We can perform isolation of a targeted metabolite from various in vitro and in vivo matrices followed by unambiguous structural elucidation using NMR. If isolation of metabolites is not feasible from biological matrices, we offer a complimentary approach – biomimetic oxidation.
Comparing the nature and abundances of drug metabolites generated in human and animal species (metabolite profiling) is key to deciding which species to use in preclinical toxicology studies of new chemical entities. The metabolism of the drug candidates is studied in vitro using microsomes, S9 fractions or hepatocytes.
Required by regulatory agencies
Helps select the most appropriate nonclinical tox species based on exposure to all major human metabolites
Predicts unique or disproportionate human metabolites
Identifies metabolic “soft spots”
Certain structural features may predict toxicity of metabolites
Absorption Systems Approach to Metabolite Identification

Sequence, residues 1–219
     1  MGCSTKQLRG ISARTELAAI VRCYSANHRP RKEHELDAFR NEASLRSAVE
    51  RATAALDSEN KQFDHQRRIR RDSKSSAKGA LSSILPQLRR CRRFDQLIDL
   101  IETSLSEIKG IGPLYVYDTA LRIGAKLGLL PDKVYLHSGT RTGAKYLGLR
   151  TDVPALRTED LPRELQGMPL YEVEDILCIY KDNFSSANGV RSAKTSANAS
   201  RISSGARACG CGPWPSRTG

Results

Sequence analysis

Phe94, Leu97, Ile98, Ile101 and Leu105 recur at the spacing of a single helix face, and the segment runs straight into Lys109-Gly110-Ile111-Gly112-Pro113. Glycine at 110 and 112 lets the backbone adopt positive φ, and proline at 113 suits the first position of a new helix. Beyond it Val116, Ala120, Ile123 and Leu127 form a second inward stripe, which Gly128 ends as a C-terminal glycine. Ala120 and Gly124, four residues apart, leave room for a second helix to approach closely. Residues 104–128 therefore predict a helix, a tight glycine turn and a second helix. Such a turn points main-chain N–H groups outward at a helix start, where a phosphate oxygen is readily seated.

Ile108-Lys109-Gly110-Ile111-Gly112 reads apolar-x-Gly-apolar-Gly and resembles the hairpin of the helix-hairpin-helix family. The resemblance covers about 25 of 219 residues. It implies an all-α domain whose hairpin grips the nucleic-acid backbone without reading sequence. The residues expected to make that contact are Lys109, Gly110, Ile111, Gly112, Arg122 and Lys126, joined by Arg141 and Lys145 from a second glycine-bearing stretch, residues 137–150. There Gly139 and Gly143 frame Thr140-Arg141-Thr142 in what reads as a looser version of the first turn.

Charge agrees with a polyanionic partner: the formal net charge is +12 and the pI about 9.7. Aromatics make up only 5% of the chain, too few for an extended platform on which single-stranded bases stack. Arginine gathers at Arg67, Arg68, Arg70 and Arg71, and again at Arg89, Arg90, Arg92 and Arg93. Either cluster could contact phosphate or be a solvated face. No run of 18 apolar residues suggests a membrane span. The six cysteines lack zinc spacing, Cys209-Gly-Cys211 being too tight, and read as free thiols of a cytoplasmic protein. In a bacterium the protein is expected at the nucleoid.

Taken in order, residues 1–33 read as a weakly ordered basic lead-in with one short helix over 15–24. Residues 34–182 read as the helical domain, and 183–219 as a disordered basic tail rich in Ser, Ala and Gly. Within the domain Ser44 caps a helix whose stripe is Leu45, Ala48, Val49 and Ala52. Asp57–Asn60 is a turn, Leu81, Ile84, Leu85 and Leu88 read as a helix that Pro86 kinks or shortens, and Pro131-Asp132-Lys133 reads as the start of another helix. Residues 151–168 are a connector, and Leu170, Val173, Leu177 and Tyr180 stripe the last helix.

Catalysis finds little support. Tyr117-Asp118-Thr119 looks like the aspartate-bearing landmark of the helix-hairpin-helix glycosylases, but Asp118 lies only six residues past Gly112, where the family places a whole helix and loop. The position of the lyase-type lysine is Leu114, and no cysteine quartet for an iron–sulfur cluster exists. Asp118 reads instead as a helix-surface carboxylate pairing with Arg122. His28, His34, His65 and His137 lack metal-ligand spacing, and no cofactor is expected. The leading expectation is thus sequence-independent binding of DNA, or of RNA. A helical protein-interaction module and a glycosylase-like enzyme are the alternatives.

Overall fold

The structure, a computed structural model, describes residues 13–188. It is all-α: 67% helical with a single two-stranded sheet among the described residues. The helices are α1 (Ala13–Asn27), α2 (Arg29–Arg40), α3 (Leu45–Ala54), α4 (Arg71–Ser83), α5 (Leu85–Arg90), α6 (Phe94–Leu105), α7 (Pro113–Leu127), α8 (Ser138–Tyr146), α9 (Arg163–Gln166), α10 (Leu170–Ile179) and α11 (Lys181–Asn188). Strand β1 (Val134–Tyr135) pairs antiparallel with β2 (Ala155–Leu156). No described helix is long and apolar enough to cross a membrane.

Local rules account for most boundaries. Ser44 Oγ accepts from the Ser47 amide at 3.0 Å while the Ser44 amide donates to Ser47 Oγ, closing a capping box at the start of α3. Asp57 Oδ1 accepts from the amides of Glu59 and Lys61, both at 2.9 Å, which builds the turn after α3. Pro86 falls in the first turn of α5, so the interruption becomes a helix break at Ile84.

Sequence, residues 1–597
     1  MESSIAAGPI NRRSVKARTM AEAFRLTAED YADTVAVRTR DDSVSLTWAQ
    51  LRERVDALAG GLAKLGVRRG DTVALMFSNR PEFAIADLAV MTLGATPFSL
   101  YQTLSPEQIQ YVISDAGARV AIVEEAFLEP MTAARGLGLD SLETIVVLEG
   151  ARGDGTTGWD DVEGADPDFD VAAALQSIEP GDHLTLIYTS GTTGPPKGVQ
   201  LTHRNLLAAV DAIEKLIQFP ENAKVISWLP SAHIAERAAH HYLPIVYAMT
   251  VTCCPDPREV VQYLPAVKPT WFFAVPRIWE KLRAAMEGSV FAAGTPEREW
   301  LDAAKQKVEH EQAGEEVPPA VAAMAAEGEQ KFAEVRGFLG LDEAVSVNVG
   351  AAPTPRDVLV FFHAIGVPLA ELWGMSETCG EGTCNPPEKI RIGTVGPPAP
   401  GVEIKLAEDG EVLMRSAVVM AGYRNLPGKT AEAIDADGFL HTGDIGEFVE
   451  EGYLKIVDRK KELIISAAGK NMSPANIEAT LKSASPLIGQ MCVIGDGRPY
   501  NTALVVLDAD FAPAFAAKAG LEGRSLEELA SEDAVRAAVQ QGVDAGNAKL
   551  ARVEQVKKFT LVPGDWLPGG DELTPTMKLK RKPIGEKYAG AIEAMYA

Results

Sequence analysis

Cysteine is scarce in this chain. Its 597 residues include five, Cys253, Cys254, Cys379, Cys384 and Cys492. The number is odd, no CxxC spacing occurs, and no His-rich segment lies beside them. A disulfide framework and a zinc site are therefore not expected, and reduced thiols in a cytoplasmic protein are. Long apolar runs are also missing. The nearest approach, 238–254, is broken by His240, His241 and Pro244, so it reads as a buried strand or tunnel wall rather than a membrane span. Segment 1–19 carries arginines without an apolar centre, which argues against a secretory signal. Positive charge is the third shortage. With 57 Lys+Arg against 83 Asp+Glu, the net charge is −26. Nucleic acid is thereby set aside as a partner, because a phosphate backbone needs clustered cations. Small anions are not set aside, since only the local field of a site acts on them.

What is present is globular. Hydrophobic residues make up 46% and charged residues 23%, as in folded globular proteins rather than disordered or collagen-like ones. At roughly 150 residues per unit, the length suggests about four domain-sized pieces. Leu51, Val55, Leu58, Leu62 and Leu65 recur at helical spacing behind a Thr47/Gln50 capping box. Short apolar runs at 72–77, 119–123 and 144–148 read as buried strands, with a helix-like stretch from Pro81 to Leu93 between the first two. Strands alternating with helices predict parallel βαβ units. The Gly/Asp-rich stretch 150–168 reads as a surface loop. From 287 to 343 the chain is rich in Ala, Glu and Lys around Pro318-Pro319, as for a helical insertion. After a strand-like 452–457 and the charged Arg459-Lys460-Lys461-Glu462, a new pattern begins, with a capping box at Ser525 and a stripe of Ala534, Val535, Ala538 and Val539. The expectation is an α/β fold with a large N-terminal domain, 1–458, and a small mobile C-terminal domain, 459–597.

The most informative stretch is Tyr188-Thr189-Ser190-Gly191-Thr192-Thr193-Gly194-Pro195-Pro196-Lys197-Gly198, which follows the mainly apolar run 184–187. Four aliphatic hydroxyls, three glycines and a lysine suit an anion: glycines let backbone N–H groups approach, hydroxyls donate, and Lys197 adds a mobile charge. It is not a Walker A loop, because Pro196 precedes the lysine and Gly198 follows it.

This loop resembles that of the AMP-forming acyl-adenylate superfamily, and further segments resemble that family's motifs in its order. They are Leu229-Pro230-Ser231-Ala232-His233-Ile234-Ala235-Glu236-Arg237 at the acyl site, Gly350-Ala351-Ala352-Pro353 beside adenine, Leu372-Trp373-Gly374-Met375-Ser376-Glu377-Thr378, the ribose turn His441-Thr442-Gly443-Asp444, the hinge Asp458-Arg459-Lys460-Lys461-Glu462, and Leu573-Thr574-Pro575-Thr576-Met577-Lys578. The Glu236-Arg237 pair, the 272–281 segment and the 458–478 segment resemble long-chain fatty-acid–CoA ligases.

Our approach is to analyze samples using liquid chromatography (LC) coupled with high resolution accurate mass spectrometry (HRAMS) data processing using MetWorks software can detect expected metabolites based on HRAMS during screening for metabolic stability, during which a list of m/z of molecular ions of the expected metabolites is generated automatically using mass shifts corresponding to common Phase I and Phase II biotransformations. This approach expands the usefulness of metabolic stability studies so that they generate initial metabolite profiling information in addition to determining the intrinsic clearance of the parent compound. Comprehensive metabolite profiling can be performed via a search for unique peaks present in incubation samples but not in the solvent control sample. The more detailed tentative structure assignment of the detected metabolites is achieved via interpretation of MSn spectra of the parent drug and any detected metabolites, and typically involves additional sample re-analysis using targeted LC-HRAMS-MSn methods. Finally, unambiguous structure elucidation of metabolites, based on NMR data, is available. For this purpose, pure metabolites in the required quantities can be isolated from scaled-up biological incubation samples or synthesized using alternative approaches based on biomimetic oxidation.